• Heath Shuler -- Being in the public eye is nothing new to former Tennessee quarterback and current U.S. Rep. Heath Shuler. As a record-setting high school QB from Western North Carolina, he led Swain County to three consecutive state crowns. At Tennessee, Shuler passed for 4,089 yards and 36 touchdowns during his Volunteers career. As a junior in 1993, Shuler was named the SEC Player of the Year by the Nashville Banner and Birmingham News and was a first-team All-SEC pick. Shuler also finished second in the Heisman Trophy balloting that season. In addition to his on-the-field accolades, he earned Academic All-SEC distinction. After a seven-year NFL career, Shuler returned to Knoxville to finish his degree. He then entered the business world, building a successful real estate firm with his brother, Benjie, also a former UT football player. In 2001, the brothers announced the Shuler Family Athletic Endowment. In 2006, Shuler won his bid to represent the 11th District of his native North Carolina in Congress.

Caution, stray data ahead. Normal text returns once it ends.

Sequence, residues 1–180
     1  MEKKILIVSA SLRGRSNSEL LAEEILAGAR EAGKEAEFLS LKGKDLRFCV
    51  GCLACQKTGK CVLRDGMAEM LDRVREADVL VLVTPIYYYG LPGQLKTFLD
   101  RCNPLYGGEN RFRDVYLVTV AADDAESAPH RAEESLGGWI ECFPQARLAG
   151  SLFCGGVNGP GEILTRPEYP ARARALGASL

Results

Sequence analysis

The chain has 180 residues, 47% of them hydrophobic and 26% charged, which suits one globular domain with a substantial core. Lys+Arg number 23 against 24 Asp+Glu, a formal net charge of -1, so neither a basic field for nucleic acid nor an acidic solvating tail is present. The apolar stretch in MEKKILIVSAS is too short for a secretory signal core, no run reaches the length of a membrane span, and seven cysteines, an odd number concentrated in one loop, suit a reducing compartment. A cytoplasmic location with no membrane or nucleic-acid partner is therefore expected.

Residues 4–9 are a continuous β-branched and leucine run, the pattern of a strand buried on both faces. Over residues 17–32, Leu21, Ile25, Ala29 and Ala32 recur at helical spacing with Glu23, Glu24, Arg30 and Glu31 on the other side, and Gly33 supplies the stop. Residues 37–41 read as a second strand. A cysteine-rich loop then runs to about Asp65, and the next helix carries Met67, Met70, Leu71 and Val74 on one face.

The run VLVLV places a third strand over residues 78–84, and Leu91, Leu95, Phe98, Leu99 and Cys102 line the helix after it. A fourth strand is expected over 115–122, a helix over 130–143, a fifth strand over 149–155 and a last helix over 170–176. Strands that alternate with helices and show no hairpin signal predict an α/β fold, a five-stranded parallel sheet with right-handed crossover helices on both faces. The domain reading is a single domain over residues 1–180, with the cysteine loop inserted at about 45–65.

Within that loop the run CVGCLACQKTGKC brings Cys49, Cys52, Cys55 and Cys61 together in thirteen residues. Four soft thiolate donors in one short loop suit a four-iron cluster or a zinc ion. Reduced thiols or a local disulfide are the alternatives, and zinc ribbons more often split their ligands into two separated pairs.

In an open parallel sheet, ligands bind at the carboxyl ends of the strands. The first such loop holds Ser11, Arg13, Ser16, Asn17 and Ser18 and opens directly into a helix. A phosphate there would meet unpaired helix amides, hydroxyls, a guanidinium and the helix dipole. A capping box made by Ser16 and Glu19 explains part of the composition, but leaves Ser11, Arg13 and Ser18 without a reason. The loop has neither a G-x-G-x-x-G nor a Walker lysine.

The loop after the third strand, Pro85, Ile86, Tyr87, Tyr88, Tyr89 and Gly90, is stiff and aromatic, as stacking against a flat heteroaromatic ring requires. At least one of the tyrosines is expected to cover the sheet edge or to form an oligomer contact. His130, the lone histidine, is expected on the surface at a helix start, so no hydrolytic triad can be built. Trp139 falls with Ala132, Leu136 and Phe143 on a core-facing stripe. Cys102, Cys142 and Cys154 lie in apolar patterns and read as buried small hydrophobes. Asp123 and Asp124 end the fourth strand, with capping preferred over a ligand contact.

• Tim Townes -- Tim Townes is tackling sickle cell anemia and other genetic diseases today as a star researcher and professor at one of the nation's foremost medical universities. Townes was an undersized, but overachieving, walk-on at Tennessee who earned a spot in the Vols' starting lineup, as well as in the hearts of the UT faithful. Townes, a defensive back who played in every game during his collegiate career, thrilled the crowd with his hard-hitting tackles, smashing into foes with reckless abandon. A scholar athlete, Townes received three degrees from Tennessee, including a master's in zoology and a Ph.D. in microbiology. Upon completing his graduate studies, followed by a stint in research at the University of Cincinnati, he joined the University of Alabama-Birmingham School of Medicine, where he currently serves as chair and professor of biochemistry and molecular genetics. In 1997, during his research on the blood disorder sickle cell anemia, Townes discovered a method to genetically engineer mice to create an animal model for studying a human disease. Using this technique, researchers can develop and test new and emerging therapies toward the search for a cure.